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Violence and bloodshed in Peru

Violent clashes between Amazon indigenous groups and security forces this weekend that left at least 35 dead have rocked Peru and signaled a new downturn in historically fraught relations.


Demonstrations against plans by President Alan Garcia to ease restrictions on mining, oil drilling, wood harvesting and farming in the country’s northern Amazon rainforest region erupted into violence Friday and Saturday, marking Peru’s bloodiest domestic conflict in 17 years.

Land rights

Indigenous communities, protesting for land rights, said the number of civilians killed in the 24-hour orgy of violence was higher than the official count, giving Peruvian media conflicting tallies that ranged from a dozen to as many as 50 natives dead.

The government said 24 police officers were among those killed in the clashes, which the Peruvian parliament was set to debate Monday.

There was also speculation of fresh clashes over roadblocks set up by indigenous groups on a road linking an oil exploration site and a small airport in northern Peru, with a strong police presence close to the port town of Yurimaguas.

The clashes were the bloodiest unrest in Peru since a fierce insurgency in the 1980s and 1990s by the Shining Path, a violent Maoist rebel group.

The weekend clashes also presented Garcia with one of the biggest crises of his second term, which began in 2006.

El Comercio, a newspaper usually close to the government line, decried “monumental errors in the handling of the crisis” and pointed to “serious political responsibility.”

The center-right government’s “indifference,” it said, “has compelled the (indigenous) movement” to radicalize.

The episode recalled an assault on Shining Path rebels at Lima’s Castro Castro Prison in 1992 that left 43 dead. Peru has tried to turn the page, confident that its political stabilization and economic growth — at 9.8 percent in 2008 — marked a new era.

But after the latest incident, which saw about 400 police move in to clear a road blocked by some 2,500 Indians, critics saw otherwise.

“Barbarians!” exclaimed one of Lima’s populist dailies, showing photographs of police killed in Bagua, an Amazon rainforest town about 1,000 kilometers (600 miles) north of Lima, by protestors wielding spears and machetes.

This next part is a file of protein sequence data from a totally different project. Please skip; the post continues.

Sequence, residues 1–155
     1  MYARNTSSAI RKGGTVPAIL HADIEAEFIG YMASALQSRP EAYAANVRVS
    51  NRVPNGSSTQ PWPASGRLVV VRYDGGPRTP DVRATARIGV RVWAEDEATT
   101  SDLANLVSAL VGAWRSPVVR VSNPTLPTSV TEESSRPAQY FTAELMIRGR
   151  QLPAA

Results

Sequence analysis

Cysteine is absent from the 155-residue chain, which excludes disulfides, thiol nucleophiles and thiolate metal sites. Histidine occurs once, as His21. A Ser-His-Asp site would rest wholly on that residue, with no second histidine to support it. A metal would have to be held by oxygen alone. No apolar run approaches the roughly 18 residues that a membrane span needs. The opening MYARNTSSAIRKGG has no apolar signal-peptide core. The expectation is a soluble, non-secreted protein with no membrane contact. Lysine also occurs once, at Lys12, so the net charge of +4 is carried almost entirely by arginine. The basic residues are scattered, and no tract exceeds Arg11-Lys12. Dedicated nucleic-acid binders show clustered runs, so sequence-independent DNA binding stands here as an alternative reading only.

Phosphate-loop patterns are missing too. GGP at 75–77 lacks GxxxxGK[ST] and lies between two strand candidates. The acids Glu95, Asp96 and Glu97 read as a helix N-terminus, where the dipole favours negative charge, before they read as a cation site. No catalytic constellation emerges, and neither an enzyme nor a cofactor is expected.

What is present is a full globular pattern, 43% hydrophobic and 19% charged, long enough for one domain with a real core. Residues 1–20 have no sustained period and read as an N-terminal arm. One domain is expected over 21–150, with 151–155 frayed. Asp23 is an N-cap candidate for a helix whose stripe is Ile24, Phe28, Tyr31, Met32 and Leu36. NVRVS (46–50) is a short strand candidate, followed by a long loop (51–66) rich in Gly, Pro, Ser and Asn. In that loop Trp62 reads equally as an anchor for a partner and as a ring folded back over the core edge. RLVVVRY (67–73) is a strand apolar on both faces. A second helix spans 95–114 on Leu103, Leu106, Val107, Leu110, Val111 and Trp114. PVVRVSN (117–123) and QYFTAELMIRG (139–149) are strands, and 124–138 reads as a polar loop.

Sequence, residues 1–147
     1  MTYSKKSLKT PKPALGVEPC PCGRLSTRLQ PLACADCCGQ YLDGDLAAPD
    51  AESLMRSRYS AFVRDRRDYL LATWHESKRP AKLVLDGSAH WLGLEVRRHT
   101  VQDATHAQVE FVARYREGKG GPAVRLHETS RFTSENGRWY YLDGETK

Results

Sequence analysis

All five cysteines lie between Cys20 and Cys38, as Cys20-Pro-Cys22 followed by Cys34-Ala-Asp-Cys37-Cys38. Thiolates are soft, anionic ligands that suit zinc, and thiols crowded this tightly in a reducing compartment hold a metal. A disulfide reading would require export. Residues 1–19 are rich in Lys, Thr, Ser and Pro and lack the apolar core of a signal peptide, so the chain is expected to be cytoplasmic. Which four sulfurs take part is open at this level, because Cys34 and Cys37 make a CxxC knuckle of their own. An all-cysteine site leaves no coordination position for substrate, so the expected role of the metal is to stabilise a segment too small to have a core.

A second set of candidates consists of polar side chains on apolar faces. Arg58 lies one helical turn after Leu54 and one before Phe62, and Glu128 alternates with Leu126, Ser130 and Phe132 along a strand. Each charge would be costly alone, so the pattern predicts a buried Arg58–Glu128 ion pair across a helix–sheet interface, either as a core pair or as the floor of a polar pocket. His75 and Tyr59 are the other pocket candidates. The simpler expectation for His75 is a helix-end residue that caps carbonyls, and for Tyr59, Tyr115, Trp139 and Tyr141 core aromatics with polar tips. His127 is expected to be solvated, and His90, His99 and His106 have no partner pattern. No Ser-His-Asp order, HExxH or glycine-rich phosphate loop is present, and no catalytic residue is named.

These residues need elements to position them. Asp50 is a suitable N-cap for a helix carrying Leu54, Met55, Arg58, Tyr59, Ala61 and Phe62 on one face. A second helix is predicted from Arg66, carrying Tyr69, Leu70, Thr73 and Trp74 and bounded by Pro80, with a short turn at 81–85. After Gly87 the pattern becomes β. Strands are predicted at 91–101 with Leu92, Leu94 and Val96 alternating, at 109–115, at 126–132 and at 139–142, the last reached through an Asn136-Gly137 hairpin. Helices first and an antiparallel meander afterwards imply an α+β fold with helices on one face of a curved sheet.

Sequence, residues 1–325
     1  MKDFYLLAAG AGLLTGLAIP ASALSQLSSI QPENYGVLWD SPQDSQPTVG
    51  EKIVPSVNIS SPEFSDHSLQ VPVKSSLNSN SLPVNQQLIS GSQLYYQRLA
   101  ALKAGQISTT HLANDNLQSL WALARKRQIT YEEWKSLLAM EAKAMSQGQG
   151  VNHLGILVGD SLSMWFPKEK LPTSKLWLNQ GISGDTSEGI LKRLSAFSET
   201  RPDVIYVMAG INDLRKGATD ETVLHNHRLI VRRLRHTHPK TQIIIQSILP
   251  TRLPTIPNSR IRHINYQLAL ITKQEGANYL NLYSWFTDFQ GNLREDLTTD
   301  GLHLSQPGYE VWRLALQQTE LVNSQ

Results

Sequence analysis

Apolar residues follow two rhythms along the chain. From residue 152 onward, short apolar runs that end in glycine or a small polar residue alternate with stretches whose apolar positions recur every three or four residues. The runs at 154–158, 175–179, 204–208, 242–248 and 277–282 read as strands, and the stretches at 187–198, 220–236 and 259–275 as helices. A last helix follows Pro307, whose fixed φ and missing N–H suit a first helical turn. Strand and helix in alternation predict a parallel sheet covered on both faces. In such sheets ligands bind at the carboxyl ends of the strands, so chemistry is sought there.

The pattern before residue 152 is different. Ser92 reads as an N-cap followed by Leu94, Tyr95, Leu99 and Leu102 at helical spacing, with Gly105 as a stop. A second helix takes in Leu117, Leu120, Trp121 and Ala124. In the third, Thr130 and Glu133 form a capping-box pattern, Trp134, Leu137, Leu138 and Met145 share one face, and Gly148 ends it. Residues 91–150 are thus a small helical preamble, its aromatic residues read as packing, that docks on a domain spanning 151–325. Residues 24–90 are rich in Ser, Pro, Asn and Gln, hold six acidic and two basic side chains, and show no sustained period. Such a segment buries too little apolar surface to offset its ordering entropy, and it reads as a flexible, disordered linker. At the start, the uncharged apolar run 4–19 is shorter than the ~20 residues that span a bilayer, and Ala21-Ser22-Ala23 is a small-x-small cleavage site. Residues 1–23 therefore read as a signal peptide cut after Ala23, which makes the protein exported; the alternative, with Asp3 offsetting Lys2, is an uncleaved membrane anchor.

Growing tensions

The past two months have been fraught with growing tensions. Indigenous groups in the northeastern part of the country have been protesting for nearly a year Garcia’s decrees — signed in 2007 and 2008 — which they see as exploiting their ancestral lands for oil, natural gas and forestry development.

For the National Organization of the Amazon Indigenous People of Peru (AIDESEP), which represents some 600,000 people divided into 65 ethnic groups, the decrees contravene a 1989 International Labor Organization (ILO) convention on indigenous and tribal people’s rights.

The convention namely focused on native groups’ rights to consultation and participation in government action.

In late April, several people were wounded and shots were fired in the air in areas where natives had placed roadblocks, leading the government to enforce a state of emergency in some districts in the Cusco, Ucayali, Loreto and Amazonas regions.

State of insurgency

Less than a month later, AIDESEP leader Alberto Pizango declared a “state of insurgency” among Amazonian groups, a call he retracted 24 hours later and that was met with army reinforcements to the troubled areas.

The Garcia government has cited external meddling in “plots against the country,” a reference to protestors, such as Peruvian National Party leader Ollanta Humala, a leftist with alleged ties to Venezuelan President Hugo Chavez.

“Who would gain from Peru not using gas, not discovering new oil fields or not improving the exploitation of its mines?” Garcia quipped Sunday.

Ironically, Peru hosted the Fourth Continental Summit of Indigenous Peoples of the Americas in May, welcoming some 5,000 delegates of native groups at Lake Titicaca.

One of the themes of the discussions was a telling one for Peru’s latest episode: should native groups confront or negotiate with government and multinational organizations?